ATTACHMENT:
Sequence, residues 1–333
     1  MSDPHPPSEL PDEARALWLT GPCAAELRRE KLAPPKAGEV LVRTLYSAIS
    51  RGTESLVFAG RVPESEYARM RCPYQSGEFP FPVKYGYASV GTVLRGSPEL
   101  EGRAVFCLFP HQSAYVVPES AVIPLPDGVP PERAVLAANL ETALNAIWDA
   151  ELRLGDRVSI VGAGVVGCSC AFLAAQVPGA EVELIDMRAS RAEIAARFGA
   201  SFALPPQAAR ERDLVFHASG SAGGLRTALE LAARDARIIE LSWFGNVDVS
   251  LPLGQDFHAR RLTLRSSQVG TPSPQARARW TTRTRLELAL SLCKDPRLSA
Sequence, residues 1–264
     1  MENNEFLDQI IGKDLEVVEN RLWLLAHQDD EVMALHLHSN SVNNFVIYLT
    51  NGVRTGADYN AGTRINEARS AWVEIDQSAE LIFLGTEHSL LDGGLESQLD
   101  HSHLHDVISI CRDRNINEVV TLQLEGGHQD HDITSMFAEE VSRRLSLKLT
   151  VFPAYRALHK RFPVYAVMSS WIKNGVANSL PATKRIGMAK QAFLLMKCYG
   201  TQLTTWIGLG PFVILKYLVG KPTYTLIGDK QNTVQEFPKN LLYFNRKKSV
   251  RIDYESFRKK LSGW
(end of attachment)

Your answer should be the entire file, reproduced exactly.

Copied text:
Sequence, residues 1–333
     1  MSDPHPPSEL PDEARALWLT GPCAAELRRE KLAPPKAGEV LVRTLYSAIS
    51  RGTESLVFAG RVPESEYARM RCPYQSGEFP FPVKYGYASV GTVLRGSPEL
   101  EGRAVFCLFP HQSAYVVPES AVIPLPDGVP PERAVLAANL ETALNAIWDA
   151  ELRLGDRVSI VGAGVVGCSC AFLAAQVPGA EVELIDMRAS RAEIAARFGA
   201  SFALPPQAAR ERDLVFHASG SAGGLRTALE LAARDARIIE LSWFGNVDVS
   251  LPLGQDFHAR RLTLRSSQVG TPSPQARARW TTRTRLELAL SLCKDPRLSA
Sequence, residues 1–264
     1  MENNEFLDQI IGKDLEVVEN RLWLLAHQDD EVMALHLHSN SVNNFVIYLT
    51  NGVRTGADYN AGTRINEARS AWVEIDQSAE LIFLGTEHSL LDGGLESQLD
   101  HSHLHDVISI CRDRNINEVV TLQLEGGHQD HDITSMFAEE VSRRLSLKLT
   151  VFPAYRALHK RFPVYAVMSS WIKNGVANSL PATKRIGMAK QAFLLMKCYG
   201  TQLTTWIGLG PFVILKYLVG KPTYTLIGDK QNTVQEFPKN LLYFNRKKSV
   251  RIDYESFRKK LSGW